Engineering Science - Theses, Dissertations, and other Required Graduate Degree Essays

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HEVC-SIM: A Simulation and analysis tool for H.265 packet transmission

Date created: 
2015-10-09
Abstract: 

Video compression and decompression are essential parts of multimedia communications. Lowering the bit rate while maintaining good video quality remains a considerable challenge with increasing video resolutions and frame rates. In particular, the introduction of 4K and 8K video resolution has created a significant demand for efficient video compression appropriate for these high resolutions. The International Telecommunication Union (ITU) and the Moving Picture Experts Group (MPEG) have introduced High-Efficiency Video Coding (HEVC, also known as H.265) that has better compression efficiency at the same or higher video quality, compared to earlier video coding standards. In this project, a video coding and simulation tool was developed based on open-source implementations of HEVC encoders and decoders. The tool, named HEVC-SIM, can be used to encode raw video, analyze the packet structure and simulate packet loss. In addition, two error concealment methods were implemented to help the video decoder recover from packet loss. Simulations were carried out to assess the effectiveness of the various algorithms implemented in HEVC-SIM.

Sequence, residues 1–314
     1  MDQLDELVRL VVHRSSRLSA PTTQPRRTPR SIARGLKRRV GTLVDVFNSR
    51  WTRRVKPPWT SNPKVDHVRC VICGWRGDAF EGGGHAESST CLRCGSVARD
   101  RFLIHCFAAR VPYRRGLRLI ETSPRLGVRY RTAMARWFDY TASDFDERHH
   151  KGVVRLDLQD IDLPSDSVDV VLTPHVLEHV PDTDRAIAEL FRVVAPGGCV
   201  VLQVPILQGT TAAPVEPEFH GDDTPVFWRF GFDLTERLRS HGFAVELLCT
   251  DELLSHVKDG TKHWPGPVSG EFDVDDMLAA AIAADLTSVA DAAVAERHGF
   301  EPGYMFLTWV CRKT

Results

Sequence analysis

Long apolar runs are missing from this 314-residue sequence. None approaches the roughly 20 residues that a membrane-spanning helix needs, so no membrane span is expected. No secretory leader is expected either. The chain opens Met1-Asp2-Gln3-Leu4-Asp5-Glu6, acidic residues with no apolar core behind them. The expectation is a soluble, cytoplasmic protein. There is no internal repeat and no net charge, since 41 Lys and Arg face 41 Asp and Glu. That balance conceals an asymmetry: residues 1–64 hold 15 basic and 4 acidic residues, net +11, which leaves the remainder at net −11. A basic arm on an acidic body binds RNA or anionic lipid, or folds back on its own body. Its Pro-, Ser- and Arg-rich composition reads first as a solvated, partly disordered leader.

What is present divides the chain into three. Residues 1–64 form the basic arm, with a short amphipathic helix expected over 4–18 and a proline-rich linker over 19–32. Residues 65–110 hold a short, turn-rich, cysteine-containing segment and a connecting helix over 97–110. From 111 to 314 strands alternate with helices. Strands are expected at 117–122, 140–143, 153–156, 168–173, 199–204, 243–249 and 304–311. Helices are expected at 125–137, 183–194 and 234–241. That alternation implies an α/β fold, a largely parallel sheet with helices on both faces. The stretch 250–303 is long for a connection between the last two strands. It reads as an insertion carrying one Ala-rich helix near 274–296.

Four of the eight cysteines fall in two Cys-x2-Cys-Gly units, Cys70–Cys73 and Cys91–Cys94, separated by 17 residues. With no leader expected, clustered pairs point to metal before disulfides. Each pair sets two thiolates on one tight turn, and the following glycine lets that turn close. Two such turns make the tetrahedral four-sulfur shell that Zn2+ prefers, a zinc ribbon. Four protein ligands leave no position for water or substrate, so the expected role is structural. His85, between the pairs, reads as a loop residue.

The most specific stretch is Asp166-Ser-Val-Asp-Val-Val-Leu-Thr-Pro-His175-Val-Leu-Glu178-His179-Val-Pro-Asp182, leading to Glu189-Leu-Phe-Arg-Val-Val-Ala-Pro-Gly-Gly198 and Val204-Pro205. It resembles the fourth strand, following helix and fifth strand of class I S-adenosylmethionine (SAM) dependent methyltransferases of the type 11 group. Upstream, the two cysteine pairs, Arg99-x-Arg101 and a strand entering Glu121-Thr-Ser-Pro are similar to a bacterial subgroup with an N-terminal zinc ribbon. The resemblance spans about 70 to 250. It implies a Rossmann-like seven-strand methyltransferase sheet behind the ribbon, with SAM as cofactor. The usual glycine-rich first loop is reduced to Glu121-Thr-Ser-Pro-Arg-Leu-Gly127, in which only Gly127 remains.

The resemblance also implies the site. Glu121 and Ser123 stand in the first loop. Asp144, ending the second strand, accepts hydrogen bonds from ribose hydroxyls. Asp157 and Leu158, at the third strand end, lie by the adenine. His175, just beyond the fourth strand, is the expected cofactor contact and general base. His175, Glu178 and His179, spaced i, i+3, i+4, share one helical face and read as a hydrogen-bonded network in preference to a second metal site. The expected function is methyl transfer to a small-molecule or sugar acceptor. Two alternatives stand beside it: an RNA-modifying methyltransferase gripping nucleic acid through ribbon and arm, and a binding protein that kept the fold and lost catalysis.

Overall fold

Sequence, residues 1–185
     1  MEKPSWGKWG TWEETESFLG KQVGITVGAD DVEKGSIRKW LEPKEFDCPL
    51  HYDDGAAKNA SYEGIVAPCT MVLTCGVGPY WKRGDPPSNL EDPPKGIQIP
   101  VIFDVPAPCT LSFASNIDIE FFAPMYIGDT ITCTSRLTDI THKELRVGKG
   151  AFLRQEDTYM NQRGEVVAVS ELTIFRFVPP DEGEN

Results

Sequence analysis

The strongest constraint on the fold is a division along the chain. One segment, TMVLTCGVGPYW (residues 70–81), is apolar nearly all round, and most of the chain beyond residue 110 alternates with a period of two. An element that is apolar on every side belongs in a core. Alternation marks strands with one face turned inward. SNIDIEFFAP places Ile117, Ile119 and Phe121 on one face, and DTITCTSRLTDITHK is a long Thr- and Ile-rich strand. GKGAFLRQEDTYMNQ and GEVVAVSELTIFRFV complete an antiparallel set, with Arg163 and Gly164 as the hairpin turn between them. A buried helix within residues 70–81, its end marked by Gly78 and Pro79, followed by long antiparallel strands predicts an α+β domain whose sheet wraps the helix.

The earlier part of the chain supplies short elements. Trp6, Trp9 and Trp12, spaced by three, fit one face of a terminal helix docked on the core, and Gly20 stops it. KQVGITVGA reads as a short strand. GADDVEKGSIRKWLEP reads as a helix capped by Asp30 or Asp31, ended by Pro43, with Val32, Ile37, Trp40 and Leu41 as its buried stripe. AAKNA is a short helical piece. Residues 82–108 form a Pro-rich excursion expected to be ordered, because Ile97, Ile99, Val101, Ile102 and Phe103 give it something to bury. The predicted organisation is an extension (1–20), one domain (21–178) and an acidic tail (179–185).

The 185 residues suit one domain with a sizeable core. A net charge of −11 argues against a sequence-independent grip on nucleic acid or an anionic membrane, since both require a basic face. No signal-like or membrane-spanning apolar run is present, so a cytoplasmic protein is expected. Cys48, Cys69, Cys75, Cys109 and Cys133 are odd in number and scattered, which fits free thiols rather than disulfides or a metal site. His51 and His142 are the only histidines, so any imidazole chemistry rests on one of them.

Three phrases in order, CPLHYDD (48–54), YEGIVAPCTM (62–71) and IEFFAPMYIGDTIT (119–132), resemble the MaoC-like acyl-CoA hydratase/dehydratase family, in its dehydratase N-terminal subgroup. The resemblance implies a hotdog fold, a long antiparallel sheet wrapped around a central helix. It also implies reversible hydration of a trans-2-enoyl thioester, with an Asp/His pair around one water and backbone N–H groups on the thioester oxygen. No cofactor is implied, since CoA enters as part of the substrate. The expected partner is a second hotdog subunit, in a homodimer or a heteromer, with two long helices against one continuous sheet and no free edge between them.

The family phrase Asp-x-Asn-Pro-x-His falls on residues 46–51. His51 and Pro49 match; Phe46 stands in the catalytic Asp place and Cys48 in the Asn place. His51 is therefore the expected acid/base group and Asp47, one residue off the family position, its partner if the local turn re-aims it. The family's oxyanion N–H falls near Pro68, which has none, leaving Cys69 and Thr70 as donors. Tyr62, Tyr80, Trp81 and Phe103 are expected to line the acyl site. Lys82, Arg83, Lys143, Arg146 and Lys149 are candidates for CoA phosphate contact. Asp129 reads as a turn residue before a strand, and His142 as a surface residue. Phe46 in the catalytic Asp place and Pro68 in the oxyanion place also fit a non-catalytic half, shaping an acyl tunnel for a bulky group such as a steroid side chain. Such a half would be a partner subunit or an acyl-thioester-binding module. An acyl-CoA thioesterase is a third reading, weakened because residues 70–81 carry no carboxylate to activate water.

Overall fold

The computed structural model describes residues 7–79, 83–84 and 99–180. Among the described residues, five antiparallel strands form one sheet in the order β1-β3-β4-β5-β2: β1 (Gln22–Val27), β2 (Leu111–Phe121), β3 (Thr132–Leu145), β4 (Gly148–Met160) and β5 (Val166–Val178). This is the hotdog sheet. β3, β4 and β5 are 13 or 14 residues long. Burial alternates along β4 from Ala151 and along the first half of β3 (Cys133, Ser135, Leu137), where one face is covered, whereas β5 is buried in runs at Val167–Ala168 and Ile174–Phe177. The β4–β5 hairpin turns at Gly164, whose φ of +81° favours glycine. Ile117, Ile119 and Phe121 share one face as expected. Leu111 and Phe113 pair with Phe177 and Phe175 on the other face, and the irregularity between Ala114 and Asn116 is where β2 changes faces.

Document type: 
Graduating extended essay / Research project
File(s): 
Senior supervisor: 
Dr. Ivan V. Bajić
Thomas Pang
Department: 
Applied Sciences: School of Engineering Science
Thesis type: 
(Project) M.Eng.

Power Flow Study of a Compressor Gas Station

Date created: 
2015-10-06
Abstract: 

A study of the electrical power system in a compressor gas station. The study examines the load flow throughout the station during the steady state operating condition. A short circuit study is also conducted to determine the fault availability on the system buses. In addition, a detailed protective device coordination study and device configuration is performed to ensure that protective devices are providing overcurrent protection of all electrical equipment. Finally, an arch flash study is conducted to determine the available incident energy levels at plant equipment and to provide the specific hazard category for the equipment.

Document type: 
Graduating extended essay / Research project
File(s): 
Senior supervisor: 
Andrew Rawicz
Department: 
Applied Sciences: School of Engineering Science
Thesis type: 
(Project) M.Eng.

Design verification and performance analysis of Serial AXI Links in Broadcom System-on-Chip

Author: 
Date created: 
2014-01-10
Abstract: 

Design verification is an essential step in the development of any product. Also referred to as qualification testing, design verification ensures that the product as designed is the same as the product as intended. In this project, design verification and performance analysis of Thin Advanced Extensible Interface Links (T-AXI) is conducted on a Broadcom’s SoC (System on Chip). T-AXI is a Broadcom’s proprietary bus that interfaces all the subsystems on the System-onchip (SoC) to the system memory. Test cases are developed to verify the functionality of the T-AXI and performance verification is implemented using scenarios derived from real world examples. A Field Programmable Gate Array (FPGA) is used to emulate the SoC design and C programming is used to write the test cases. The test results verify the T-AXI functionality and the performance analysis supports the theoretical calculations.